Today, Spencer and Michael are discussing Robin: Son of Batman 9, originally released February 17th, 2016.
Spencer: Up until yesterday, I didn’t know that Robin: Son of Batman 9 was Patrick Gleason’s final issue as writer and penciller on the title. With the suddenness of the news — and the circumstances surrounding Gleason’s departure still unknown — it’s hard to tell whether this issue was meant to serve as the finale to his run, or was originally planned as the beginning of something more. Either way, it highlights Gleason’s greatest strengths as a creator, but a few of his more notable weaknesses as well.
Gleason’s affection for Damian Wayne has always come across loud and clear in his work, and with that affection comes an excellent understanding of Damian’s character and a profound respect for his past. All those strengths are evident in Robin: Son of Batman 9‘s first scene, which finds Damian spying on his amnesiac father Bruce at the Lucius Fox Center for Gotham Youth, where he’s been working since recovering from the events of “Endgame.” It’s a tragic moment, and Gleason milks it for all its worth, foregoing dialogue completely in favor of letting his art tell the story.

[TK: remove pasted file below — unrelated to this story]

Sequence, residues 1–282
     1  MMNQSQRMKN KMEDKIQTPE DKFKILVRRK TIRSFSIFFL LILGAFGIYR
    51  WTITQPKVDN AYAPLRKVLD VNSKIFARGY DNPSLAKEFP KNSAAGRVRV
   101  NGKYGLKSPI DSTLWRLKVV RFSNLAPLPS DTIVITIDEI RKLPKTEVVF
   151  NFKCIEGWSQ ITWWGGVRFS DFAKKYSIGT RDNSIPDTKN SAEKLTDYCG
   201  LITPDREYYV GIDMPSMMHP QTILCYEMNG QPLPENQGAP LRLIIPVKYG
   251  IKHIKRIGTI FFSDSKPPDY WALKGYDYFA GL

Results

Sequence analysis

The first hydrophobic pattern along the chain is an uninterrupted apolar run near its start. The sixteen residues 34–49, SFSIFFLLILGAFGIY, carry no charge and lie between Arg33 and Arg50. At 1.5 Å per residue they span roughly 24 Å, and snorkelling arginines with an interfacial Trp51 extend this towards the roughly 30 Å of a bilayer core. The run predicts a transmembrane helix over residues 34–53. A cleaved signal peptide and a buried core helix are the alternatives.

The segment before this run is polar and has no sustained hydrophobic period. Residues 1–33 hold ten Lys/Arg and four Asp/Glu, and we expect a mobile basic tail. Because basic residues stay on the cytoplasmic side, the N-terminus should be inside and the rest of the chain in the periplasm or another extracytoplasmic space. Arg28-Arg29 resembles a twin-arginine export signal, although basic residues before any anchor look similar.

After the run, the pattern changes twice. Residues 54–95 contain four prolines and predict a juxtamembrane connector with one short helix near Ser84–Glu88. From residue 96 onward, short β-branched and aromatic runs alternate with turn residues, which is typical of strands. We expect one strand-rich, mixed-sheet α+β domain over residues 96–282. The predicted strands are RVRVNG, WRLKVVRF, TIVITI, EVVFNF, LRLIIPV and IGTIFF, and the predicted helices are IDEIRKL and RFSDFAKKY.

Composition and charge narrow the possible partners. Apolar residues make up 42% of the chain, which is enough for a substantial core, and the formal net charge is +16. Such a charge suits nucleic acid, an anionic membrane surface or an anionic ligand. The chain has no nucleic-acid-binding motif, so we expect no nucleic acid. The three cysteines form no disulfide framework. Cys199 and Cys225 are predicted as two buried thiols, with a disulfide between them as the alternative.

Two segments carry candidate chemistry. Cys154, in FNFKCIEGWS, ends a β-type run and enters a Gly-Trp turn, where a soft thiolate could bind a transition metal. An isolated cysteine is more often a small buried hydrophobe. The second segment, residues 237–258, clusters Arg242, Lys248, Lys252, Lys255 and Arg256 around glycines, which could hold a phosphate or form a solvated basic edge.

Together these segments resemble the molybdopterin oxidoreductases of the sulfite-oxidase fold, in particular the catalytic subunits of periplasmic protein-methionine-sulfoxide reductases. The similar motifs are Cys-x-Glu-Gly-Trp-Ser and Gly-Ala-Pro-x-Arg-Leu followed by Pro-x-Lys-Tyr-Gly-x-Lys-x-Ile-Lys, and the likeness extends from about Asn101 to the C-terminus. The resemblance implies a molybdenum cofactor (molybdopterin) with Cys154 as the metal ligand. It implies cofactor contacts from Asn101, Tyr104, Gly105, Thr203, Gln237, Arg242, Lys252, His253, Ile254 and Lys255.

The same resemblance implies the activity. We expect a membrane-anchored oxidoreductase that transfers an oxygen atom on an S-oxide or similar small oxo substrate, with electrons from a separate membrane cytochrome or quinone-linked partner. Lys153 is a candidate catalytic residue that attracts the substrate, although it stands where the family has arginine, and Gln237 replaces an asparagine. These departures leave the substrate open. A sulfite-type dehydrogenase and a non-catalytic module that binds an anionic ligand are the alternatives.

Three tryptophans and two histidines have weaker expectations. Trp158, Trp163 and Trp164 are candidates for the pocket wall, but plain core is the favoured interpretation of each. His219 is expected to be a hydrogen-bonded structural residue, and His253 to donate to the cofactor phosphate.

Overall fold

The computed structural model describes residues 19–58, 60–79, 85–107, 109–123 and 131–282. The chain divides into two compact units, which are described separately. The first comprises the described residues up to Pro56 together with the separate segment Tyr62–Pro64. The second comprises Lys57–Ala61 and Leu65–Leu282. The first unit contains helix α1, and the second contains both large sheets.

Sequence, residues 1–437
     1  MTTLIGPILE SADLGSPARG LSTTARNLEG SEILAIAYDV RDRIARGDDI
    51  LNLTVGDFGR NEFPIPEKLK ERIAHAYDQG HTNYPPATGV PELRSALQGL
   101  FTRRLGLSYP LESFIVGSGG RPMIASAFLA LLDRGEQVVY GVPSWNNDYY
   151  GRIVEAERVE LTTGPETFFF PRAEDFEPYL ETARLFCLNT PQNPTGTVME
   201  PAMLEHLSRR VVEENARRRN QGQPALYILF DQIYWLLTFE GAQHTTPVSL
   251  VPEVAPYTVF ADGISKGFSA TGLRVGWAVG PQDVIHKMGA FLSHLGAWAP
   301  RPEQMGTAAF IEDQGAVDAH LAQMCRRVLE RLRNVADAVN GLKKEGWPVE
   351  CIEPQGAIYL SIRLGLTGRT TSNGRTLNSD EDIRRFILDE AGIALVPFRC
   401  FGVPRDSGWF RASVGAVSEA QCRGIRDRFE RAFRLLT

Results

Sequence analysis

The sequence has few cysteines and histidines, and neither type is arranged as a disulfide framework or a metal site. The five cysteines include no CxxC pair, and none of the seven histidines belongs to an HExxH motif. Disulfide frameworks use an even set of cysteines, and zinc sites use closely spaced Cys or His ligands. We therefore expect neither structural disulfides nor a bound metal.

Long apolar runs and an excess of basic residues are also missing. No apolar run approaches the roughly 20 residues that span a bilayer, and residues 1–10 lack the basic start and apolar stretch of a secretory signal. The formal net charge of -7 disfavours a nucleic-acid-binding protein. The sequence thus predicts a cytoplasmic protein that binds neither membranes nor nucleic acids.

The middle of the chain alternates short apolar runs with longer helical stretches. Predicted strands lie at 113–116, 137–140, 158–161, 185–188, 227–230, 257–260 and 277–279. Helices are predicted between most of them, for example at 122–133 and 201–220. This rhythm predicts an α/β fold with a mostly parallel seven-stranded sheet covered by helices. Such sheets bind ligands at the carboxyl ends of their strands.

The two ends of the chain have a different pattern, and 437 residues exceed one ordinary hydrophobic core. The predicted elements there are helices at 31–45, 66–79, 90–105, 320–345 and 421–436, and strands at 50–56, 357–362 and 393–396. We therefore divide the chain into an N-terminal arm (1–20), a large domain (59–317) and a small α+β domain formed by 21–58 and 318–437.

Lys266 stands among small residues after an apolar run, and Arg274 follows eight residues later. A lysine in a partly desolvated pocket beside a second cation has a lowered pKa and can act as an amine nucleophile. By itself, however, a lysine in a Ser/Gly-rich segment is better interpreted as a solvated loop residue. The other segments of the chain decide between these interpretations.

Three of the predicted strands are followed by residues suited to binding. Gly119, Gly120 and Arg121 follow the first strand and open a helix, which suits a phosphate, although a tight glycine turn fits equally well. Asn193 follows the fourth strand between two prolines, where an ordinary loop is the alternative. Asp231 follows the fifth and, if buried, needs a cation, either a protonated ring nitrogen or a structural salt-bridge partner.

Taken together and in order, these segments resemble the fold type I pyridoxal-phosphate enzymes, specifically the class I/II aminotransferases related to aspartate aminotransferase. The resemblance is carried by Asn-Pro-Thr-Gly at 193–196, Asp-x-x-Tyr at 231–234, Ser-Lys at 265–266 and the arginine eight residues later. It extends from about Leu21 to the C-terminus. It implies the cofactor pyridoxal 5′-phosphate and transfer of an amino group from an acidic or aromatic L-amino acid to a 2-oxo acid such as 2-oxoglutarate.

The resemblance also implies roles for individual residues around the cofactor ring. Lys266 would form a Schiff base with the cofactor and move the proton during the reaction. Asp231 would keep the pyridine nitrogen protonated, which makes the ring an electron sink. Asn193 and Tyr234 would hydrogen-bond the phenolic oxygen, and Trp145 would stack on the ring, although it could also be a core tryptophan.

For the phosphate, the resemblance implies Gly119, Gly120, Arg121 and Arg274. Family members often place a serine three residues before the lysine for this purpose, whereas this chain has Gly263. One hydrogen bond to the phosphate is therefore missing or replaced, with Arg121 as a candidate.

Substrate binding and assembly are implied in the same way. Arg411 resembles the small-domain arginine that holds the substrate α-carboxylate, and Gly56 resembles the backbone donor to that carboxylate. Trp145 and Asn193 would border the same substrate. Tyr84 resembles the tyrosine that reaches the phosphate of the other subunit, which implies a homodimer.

I love how this scene taps into so many of Damian’s fears in such an effortless way. Damian’s never been a “real” kid, never played before, so already the sight of all these normal kids having fun must have him awful melancholy. Then of course, we see Damian’s father, who currently has no memory of him, catching one of these children. On that final page, the kid, Bruce, and Julie Madison form a kind of family unit Damian was never able to have with his father and Talia. There’s such an ache to this scene, the pain of what Damian’s lost and the pain of what he was never able to have in the first place.
The heartbreaking punctuation to that moment, though, comes on the next page.
This moment could perhaps feel a little goofy in any other context, but after those three pages it’s just gut-wrenching. It helps, though, that there’s pre-established history of Damian doing this kind of thing. This page is actually a callback to one from Batman and Robin 38: